The Hall ruled "the report lacks sufficient merit to overturn the Spray record. The report's primary piece of evidence came as a result of a computer software program that relied on multiple assumptions to be inputted before a result could be yielded. Because no control was ever done to test the approach that was used and so many assumptions had to be made, there exists too much reasonable doubt as to the accuracy of their result."

Was the voting done fairly? Again, allegations are bandied about. Though the vote passed on an 8-0 margin, with one abstention and two members recusing themselves, Detloff is targeted as having steered the vote even though he did not take part in it.

So we are left with a tainted record in the logs of the NFWFHF and a horde of angry fisherman burning up phone lines and Internet message boards with their arguments.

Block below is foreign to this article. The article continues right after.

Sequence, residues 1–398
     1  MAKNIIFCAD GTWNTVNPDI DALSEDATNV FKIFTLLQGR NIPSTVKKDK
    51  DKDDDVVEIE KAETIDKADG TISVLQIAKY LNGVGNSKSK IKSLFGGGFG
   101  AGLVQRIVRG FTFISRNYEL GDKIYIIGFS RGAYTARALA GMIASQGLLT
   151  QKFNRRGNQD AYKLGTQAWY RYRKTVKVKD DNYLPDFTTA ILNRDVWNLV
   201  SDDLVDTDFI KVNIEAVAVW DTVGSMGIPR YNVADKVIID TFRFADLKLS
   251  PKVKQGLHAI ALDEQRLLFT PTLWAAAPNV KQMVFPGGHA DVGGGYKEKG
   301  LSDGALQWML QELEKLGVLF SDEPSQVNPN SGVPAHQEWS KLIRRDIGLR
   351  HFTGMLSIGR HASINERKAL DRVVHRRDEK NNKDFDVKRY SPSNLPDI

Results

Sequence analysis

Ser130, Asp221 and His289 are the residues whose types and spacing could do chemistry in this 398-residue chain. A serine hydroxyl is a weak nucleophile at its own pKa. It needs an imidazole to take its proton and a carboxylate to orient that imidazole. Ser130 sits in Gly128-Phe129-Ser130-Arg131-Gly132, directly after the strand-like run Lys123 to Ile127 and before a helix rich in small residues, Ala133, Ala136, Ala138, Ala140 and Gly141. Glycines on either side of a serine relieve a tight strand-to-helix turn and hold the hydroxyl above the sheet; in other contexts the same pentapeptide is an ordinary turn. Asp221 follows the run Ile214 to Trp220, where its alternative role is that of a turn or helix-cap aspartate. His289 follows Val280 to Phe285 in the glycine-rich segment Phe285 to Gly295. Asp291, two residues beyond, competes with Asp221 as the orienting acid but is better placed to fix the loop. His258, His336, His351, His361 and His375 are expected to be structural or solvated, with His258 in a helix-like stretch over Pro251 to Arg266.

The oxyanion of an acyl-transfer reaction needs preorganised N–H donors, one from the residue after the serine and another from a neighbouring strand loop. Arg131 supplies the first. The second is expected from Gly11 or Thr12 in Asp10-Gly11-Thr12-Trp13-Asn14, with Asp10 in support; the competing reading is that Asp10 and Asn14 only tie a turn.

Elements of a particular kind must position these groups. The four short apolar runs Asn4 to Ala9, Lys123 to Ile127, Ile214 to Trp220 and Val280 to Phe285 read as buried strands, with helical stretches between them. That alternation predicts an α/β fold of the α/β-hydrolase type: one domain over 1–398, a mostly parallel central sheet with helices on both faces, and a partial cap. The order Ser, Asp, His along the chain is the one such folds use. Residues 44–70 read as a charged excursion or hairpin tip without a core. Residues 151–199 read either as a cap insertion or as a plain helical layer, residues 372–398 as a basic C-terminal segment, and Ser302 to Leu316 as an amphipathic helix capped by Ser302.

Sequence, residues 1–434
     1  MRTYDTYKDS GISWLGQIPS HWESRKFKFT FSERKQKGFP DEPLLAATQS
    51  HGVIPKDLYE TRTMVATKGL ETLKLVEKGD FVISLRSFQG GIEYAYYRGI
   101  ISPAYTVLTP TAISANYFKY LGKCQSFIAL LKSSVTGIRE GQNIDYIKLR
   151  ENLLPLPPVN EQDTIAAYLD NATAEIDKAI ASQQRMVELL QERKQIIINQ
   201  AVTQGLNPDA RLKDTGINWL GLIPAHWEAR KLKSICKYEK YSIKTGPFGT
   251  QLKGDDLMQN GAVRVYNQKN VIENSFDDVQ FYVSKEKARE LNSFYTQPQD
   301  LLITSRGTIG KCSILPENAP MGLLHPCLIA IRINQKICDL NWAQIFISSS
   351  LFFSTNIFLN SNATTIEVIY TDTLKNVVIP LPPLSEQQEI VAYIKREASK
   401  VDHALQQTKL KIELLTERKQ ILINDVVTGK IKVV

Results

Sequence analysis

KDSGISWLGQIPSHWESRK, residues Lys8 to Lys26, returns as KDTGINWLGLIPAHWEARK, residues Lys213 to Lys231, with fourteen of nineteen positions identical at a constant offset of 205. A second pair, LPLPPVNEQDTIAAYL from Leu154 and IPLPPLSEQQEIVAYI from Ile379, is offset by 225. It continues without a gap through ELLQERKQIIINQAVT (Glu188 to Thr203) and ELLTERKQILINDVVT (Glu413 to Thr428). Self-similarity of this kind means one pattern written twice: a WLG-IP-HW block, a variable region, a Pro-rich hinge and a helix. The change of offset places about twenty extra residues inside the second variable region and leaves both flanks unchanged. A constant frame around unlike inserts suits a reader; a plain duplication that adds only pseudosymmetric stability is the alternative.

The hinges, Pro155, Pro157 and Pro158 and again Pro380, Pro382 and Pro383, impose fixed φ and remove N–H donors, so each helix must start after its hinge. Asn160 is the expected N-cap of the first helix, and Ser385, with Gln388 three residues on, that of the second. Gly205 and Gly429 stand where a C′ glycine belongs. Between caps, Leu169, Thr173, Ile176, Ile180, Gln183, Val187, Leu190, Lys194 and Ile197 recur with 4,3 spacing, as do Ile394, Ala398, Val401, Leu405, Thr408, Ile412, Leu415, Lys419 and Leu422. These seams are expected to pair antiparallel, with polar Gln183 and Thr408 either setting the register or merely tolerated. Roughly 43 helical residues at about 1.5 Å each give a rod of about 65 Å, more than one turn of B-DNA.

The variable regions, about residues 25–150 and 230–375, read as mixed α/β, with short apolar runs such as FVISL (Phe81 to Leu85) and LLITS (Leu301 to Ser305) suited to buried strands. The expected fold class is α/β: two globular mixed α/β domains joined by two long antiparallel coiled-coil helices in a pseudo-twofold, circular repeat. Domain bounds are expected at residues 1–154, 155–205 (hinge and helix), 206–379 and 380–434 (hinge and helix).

The solution is for someone to go out and catch a new, provable world record muskie, but the current record is so large that a fish of new record proportions might never be captured.

To solve the dilemma, I call upon Detloff and the NFWFHF to establish new categories for world record fish.

The first would be a historical record fish and the second a modern record, beginning immediately.

Cameras and scales are much more accurate today, and I think that advances in technology warrant a new set of records, but not the abandonment of the old ones.

I think this is the best solution, and I solemnly hope cooler heads prevail and this recommendation is considered for the best interests of the sport of fishing immediately.

* Steve Sarley's radio show, "The Outdoors Experience," airs live from 8 to 9 a.m. on Saturdays on AM-560. Sarley also runs a Web site for outdoors enthusiasts,